Continuing a look at Flora Dickson Potter’s memoirs and research about Auchentibber. Kindly shared here with permission from Janet Cochrane. All in Flora’s words,
“Auchentibber – A Planned Paradise. In 1928 DC Gemmell, the manager at Auchinraith Colliery was the author of an article on the Auchetnibber Gardens and this was what he had to say – ‘The site of the pitch (the quoiting green) and the well known gardens existing beyond were formerly an old sandstone quarry. Under the supervision of the former owner of the Inn, the work of filling in the quarry and forming the gardens was done by the inhabitants of the village in their spare time. The beauty of these gardens has to be seen to be appreciated. They are laid out with a taste and skills worthy of out best landscape gardeners. The creation and maintenance of the gardens is one of the best examples of true commercial spirit to be found in the country.”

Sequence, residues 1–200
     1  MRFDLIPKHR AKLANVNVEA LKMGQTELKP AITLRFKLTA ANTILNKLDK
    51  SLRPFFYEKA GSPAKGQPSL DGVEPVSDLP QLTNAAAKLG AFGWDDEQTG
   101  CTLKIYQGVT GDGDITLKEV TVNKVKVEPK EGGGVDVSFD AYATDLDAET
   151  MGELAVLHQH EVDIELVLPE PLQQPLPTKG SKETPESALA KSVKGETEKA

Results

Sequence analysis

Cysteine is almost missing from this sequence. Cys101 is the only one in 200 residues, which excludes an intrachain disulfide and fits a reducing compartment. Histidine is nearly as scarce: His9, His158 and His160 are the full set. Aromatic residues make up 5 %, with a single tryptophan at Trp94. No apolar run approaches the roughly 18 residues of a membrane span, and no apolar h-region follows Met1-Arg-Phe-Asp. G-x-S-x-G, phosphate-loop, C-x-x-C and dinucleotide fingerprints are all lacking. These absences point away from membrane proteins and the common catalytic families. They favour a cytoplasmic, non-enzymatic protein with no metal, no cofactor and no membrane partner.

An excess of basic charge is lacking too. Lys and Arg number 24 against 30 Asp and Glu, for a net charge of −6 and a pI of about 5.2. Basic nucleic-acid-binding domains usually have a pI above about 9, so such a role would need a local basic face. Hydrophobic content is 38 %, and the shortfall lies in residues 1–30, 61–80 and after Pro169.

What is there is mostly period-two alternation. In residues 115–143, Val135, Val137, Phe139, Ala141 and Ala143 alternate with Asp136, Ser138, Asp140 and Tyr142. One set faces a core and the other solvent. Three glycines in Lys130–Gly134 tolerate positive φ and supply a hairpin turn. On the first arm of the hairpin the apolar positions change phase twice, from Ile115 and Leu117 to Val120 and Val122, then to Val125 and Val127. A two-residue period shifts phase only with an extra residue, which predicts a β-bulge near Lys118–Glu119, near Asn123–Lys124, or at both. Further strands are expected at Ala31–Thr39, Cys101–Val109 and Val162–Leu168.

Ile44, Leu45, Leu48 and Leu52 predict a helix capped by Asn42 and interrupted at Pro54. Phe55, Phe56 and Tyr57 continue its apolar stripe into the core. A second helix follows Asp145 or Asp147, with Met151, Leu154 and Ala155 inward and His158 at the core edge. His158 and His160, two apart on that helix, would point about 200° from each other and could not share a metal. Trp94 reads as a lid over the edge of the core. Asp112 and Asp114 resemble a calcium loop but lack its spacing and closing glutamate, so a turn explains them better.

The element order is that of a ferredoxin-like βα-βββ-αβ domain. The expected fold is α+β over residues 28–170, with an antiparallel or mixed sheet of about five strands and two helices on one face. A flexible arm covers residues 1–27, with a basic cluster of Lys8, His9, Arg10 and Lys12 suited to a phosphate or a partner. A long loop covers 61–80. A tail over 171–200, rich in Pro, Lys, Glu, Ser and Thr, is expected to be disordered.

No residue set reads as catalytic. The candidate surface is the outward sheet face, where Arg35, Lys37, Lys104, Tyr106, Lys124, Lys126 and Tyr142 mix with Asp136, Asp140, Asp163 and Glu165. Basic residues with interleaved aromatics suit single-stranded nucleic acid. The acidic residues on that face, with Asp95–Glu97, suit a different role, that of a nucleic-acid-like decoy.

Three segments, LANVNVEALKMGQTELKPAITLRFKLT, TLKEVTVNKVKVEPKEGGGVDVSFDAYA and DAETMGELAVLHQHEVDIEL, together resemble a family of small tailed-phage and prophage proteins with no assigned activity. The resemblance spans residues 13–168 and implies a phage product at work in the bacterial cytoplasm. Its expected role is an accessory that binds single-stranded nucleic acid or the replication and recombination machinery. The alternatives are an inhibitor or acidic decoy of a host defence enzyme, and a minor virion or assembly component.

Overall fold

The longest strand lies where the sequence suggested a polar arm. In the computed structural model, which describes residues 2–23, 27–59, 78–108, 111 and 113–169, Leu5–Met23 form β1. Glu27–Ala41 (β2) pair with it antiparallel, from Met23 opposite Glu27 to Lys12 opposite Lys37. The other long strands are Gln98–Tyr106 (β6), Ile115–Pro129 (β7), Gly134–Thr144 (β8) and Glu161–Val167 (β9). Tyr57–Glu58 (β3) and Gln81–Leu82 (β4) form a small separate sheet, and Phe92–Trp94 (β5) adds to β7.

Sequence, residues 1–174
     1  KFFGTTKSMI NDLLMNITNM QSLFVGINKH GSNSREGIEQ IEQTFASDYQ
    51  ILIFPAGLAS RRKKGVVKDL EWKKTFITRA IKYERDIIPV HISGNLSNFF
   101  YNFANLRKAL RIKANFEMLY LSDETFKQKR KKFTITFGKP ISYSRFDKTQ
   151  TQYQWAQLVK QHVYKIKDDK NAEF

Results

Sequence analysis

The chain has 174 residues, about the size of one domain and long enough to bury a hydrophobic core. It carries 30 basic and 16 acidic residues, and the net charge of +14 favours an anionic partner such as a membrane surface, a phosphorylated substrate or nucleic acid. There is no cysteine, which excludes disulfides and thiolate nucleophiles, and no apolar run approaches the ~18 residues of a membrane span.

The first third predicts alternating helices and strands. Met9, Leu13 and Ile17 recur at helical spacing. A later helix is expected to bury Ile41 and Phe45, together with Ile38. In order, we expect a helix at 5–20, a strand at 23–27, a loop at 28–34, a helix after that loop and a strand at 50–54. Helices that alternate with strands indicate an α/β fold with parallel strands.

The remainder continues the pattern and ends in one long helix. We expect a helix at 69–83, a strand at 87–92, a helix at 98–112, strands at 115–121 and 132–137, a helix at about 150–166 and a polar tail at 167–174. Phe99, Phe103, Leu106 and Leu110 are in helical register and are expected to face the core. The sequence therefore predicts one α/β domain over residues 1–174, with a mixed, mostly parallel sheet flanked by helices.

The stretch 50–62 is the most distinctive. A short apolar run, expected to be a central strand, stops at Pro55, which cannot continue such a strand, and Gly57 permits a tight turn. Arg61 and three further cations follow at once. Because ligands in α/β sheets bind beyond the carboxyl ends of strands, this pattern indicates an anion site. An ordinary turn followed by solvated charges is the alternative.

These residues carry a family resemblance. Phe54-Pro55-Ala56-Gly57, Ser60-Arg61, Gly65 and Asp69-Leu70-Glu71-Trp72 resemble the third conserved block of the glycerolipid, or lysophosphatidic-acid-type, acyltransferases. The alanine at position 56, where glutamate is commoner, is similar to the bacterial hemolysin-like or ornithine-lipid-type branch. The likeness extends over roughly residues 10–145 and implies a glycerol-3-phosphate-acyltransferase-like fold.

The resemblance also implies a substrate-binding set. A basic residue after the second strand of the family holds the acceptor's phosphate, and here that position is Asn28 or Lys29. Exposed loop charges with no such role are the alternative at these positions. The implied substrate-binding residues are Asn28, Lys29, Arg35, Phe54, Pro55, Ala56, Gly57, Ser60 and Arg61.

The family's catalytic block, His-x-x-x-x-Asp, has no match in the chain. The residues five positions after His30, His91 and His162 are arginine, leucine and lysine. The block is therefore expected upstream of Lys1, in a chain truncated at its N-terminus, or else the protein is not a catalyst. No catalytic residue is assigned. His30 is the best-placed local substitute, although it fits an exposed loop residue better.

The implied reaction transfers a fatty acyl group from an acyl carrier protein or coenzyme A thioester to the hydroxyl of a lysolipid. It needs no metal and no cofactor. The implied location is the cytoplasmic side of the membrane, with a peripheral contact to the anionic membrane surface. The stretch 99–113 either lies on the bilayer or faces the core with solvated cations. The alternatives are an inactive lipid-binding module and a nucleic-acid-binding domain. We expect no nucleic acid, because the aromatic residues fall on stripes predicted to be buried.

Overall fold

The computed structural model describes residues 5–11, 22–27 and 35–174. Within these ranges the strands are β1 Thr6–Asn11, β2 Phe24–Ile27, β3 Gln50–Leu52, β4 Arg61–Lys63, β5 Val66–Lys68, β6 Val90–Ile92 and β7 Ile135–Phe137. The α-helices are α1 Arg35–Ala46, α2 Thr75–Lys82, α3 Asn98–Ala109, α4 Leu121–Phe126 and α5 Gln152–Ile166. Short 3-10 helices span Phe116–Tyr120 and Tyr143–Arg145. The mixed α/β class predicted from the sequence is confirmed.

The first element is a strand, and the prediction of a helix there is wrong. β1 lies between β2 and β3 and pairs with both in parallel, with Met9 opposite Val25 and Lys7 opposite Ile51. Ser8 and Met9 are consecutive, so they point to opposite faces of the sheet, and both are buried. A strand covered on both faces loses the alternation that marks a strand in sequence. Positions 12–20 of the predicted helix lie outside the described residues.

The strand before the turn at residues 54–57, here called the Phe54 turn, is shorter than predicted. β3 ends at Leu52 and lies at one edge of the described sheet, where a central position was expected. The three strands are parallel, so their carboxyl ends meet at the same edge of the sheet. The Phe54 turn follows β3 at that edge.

All of these gardens no longer exist. Nature has long since covered the area and that of the quoiting green which was placed to the East with a mass of ivy, nettles and other promiscuous plants. Any remaining stone is buried beneath debris and where exposed, is covered in moss. A sad sight and not one to dwell on. However, in their heyday, the gardens were bright and with blooms of roses and other shrubs. It seems odd that none of these now persist, but no doubt the canopy of trees which now pervades the area has destroyed all the natural light which was necessary for their growth.
Pictured around 1923 is the Auchentibber Italian Gardens.
(c) Blantyre Project